My third child was recently born, and things did not go exactly as I had hoped. We had been "on the fence" with the doctors for several months: placenta previa, low lying placenta, in and out of the hospital several times with bleeding issues. We finally were graduated from low lying placenta and conservatively told we could do a "trial of labor" at the beginning of January.
As my due date approached at the end of January, we were feeling pretty positive about our attempt at a third natural labor and birth. The Braxton Hicks contractions were ramping up, our doula was on standby, and given my history of rather large babies, we decided to schedule a membrane sweep to try to get the party started a few days before my due date.
Unfortunately, we belatedly realized that with bleeding issues, a membrane sweep may not have been the best choice. There was no immediate bleeding, but about 8 hours later, as contractions began coming fast and strong, the bottom dropped out and we ended up headed to the hospital yet again with heavy bleeding. Being nearly 40 weeks, we knew we probably wouldn't leave without having the baby, and given the severity of the bleeding we also assumed it would probably be a C-section.
Personally, I was not overly concerned about the surgery itself, I knew the doctors had a lot of experience in that area, and I also knew that laboring while losing so much blood was not going to be the pleasant, happy experience I had hoped for. So we didn't argue too much when the doctor on call said that a piece of the placenta was trying to come first. Essentially, when discussing it later with my regular doctor, she said that most likely there was a small lobe of the placenta which was somewhat loose, since some of the ultrasounds said the placenta was less than a centimeter away or still previa during a late December hospital visit, but the early January visit showed it was over 2.5 centimeters away. Active labor apparently triggered this lobe to start bleeding due to the pressure and timing of the contractions.
What I was concerned about, however, was the type of anesthesia and how my body would react to it. I had never had any type of anesthesia before, other than very localized such as for minor dental procedures. Even when my wisdom teeth were removed, I simply used nitrous oxide and local anesthesia. Fortunately, every one of the nurses and the anesthesiologist knew exactly what to do to put my mind at ease. They were funny without being too funny. They were distracting without being too distracting. The nurse held my hand and put pressure on me while speaking soothingly and distractedly. The anesthesiologist talked me through what he was doing without drawing my attention to it. I honestly didn't even feel the insertion, and the spinal worked immediately and effectively with no side effects. I know that a lot of this was due to the many many prayers from those who knew we were headed to the hospital for this reason (my doula was also the pastor's wife, so I know she and my husband were praying specifically for these issues from inside the hospital).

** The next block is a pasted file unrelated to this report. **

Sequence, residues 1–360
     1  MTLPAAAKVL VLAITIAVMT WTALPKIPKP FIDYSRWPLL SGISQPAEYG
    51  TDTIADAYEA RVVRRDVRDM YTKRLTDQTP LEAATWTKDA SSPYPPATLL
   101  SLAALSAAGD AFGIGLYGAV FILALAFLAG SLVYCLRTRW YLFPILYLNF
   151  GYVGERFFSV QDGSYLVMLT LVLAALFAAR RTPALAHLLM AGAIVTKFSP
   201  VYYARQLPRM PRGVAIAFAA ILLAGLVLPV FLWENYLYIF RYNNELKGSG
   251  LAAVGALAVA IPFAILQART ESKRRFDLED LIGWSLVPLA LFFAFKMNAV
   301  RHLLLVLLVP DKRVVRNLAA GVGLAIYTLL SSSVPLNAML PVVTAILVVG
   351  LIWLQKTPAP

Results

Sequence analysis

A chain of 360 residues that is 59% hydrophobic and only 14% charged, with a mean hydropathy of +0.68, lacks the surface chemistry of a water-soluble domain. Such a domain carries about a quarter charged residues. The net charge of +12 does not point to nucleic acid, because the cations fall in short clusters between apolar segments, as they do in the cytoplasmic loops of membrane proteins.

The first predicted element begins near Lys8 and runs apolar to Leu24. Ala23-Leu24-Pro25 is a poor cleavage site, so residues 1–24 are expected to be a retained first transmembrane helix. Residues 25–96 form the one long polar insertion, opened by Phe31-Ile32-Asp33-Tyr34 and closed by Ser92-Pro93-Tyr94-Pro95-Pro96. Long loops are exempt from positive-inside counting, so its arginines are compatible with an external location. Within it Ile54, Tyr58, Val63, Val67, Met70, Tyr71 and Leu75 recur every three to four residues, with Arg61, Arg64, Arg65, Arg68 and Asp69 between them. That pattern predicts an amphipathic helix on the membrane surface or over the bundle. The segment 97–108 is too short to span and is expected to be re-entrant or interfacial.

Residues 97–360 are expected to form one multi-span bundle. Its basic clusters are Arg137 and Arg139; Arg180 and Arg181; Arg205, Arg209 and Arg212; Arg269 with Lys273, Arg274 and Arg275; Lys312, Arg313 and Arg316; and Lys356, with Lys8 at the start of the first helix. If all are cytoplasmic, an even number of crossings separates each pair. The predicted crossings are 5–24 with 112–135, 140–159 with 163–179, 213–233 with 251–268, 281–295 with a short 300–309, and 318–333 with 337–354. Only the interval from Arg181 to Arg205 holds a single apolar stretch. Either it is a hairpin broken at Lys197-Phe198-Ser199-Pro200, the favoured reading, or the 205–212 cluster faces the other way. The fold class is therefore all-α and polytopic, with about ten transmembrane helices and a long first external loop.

The C-section seemed pretty textbook from my perspective. I felt a blanket of peace and calm and paid about halfway attention to what they were doing. The doctor was a very quiet type, so it was easy to forget exactly what they were doing, even though the medical team was communicating with each other. They did apparently use some vacuum extraction to get him through the incision without having to widen it too much. He was 9 pounds 6 ounces and 22 inches long.
One other thing I was worried about was bonding. Since I never went through the labor process with this 3rd baby, and wouldn't get quite the same hormone rush, would I bond as easily this time around? In actuality, I bonded instantly and strongly. When they put that little bundle up by my cheek and he open mouth kissed me, I knew we were connected. Despite the bleeding issues, the more difficult recovery from a C-section, and a few feeding issues that we worked through over the first few months of life, this little man was destined to be a part of our family. I have no regrets over how the birth happened. I think God must have known that I would work myself up too much over a planned C-section (I had a panic attack in November, part of which was me going back and forth between freaking out over needing a C-section and wanting them to cut him out right away). In the end I had the perfect situation and the peace I needed to not only "get through" the surgery, but to thrive afterward. I had the perfect medical team, and even what I thought was a bad part of the experience ("Nurse Ratchet" we joked) who got me up and moving after the surgery more quickly than I would have liked - leading to a quicker initial recovery than expected.
In all, this 3rd pregnancy, labor, and delivery was nothing like I expected. I experienced some new things, and I can joke about the C-section baby being the one with the smallest head (still large compared to "average"), And I can joke about planning the baby badly from a financial perspective. But I can also appreciate the diversity of experiences mother's have. We all come into being a mother in different ways: some after days of labor, and some with no labor at all. But we all have that bond, whether instant or over months and years. Even an adoptive mom knows that child was meant to be with her family. No amount of distractions, surgeries, worries, distance, or time will cut that bond completely. Mom's have a special place in their child's life, and we should celebrate that more than one day a year.